Is Abstinence from Red Wine Hazardous to Your Health?

Is Abstinence from Red Wine Hazardous to Your Health?


Arthur L Klatsky, MD

Spring 2007 - Volume 11 Number 2

A Very Public Message

Hardly a month goes by without the appearance of a research finding suggesting that drinking red wine is good for you. The media publicity is never nuanced or subtle, so the headlines blare. Here are several recent ones: "Procyanidin-rich red wines reduce heart attack and mortality," "Resveratrol, a red-wine ingredient, improves health and survival in mice on a high-fat diet," and "Cabernet sauvignon red wine reduces the risk of Alzheimer's disease." With the hint of greater longevity what non-red wine drinker wouldn't feel pressure to start a red wine habit? What person over age 65 years wouldn't consider a lifestyle change that promised a lower chance of Alzheimer's? The public has heard the implied message. A 60 Minutes TV broadcast (CBS: 1991 Nov 17) attributed lower heart attack risk in France partially to red wine. This explanation of the "French Paradox" (low coronary disease death rate despite relatively unfavorable life-style habits) has become widely known. Red wine sales in the US skyrocketed in the 1990s and remain high. In a recent Kaiser Permanente (KP) survey, 80% of those interviewed had heard of presumed benefit from alcohol and half of these volunteered that this was true only of red wine.1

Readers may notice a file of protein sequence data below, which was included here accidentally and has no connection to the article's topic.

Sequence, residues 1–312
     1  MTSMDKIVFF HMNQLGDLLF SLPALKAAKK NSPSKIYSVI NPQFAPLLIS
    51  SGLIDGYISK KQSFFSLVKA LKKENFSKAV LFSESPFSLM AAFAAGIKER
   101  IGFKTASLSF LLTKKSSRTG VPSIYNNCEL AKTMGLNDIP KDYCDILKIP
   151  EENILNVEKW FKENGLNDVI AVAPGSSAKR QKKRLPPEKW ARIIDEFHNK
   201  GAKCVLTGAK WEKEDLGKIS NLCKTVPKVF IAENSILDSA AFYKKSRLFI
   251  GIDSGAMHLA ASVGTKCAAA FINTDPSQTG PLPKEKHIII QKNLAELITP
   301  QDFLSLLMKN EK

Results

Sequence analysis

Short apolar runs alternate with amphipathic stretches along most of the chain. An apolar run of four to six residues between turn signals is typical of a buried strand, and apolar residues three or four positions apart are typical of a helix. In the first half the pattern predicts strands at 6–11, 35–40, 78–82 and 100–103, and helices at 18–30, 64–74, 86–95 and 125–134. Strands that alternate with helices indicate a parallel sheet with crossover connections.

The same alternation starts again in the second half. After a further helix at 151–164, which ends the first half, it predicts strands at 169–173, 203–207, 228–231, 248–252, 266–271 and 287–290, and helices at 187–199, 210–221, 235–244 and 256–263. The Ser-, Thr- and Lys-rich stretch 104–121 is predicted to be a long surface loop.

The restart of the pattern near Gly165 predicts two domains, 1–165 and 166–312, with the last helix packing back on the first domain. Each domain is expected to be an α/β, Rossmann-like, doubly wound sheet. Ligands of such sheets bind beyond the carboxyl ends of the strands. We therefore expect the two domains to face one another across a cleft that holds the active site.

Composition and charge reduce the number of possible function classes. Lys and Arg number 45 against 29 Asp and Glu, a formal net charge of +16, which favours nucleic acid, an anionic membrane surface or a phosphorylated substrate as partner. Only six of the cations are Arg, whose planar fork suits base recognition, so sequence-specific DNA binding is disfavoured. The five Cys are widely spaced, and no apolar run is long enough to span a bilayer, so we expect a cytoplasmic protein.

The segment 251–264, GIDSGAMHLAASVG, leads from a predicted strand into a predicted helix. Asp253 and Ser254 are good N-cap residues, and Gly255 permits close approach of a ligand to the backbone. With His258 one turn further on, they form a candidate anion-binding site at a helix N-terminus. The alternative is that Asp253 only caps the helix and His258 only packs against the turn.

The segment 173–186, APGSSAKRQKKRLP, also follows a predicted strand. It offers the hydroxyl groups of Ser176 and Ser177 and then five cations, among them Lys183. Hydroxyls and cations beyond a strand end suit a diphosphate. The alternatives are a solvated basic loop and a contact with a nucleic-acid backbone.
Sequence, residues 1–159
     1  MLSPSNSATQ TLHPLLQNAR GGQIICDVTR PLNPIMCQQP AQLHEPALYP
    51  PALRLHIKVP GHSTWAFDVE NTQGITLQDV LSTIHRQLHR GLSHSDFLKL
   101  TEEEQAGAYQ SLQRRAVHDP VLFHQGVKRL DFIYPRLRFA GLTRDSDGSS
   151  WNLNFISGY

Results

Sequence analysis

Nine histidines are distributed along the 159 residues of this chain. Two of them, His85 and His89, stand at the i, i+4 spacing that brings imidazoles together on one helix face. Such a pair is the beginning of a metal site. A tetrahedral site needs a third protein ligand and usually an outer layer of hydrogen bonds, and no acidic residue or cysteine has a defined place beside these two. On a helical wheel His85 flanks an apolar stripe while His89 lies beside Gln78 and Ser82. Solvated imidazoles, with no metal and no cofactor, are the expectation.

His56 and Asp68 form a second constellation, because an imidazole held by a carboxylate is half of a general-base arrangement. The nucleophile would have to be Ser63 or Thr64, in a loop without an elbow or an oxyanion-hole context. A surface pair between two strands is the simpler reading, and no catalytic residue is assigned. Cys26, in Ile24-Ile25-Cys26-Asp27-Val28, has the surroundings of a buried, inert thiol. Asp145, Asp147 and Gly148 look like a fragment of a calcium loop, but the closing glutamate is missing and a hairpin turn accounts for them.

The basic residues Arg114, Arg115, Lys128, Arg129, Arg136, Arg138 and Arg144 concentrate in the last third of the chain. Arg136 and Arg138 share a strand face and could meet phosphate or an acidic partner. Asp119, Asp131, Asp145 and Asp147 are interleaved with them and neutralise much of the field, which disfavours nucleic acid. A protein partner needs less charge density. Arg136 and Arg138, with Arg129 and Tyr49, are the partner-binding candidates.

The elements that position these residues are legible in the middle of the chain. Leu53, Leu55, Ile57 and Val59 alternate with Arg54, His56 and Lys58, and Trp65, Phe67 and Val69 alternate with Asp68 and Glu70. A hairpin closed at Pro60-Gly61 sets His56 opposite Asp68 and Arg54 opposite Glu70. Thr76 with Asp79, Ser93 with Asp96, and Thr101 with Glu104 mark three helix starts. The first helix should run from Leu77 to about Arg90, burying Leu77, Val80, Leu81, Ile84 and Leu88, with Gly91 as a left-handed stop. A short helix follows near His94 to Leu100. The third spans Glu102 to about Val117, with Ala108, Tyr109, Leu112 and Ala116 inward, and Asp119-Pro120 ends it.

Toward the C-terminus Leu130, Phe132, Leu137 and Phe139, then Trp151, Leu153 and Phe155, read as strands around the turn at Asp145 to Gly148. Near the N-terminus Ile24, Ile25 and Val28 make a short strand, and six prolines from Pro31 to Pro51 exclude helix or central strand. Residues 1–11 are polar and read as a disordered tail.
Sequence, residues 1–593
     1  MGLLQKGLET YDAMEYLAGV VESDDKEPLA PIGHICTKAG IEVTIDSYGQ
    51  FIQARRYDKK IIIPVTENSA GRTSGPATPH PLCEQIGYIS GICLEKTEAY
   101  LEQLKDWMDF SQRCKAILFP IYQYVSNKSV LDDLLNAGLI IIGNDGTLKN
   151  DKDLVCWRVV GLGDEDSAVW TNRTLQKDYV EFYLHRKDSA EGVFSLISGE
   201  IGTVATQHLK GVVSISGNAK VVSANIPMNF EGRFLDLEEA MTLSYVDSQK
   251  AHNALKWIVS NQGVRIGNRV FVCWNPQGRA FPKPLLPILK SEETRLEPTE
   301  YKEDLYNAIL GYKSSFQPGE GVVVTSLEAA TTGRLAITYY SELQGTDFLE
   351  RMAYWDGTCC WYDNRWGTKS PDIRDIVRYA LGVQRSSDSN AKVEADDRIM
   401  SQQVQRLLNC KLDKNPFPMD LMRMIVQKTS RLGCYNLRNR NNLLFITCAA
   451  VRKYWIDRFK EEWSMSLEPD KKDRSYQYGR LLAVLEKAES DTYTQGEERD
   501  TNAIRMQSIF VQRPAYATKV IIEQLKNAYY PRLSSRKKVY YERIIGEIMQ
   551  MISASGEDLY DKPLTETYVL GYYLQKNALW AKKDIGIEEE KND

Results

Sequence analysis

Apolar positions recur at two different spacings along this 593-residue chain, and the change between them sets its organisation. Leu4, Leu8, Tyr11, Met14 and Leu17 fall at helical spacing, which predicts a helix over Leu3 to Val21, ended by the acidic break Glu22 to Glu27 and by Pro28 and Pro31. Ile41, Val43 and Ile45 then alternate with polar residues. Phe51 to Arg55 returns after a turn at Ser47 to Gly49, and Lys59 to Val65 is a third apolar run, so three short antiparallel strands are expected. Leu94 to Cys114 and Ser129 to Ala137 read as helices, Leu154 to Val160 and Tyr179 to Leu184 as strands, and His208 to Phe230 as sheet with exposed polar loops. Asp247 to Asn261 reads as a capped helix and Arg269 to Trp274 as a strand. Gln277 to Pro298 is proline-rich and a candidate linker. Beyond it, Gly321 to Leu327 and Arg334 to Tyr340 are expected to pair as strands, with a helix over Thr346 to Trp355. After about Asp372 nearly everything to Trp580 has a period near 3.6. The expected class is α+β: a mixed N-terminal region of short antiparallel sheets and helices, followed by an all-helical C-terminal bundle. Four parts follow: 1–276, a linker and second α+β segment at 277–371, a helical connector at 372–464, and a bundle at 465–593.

Sponsored by the National Permanente Medical Groups, The Permanente Press publishes The Permanente Journal and books related to Kaiser Permanente and health care.


27,000 print readers per quarter, 9,725 eTOC readers, and in 2016, 1.4 million page views on TPJ articles in PubMed from a broad international readership.


Articles, editorials, letters to the editor, and other material represent the opinion of the authors. Send your comments to

Copyright 2017 The Permanente Journal - Kaiser Permanente. All Rights Reserved.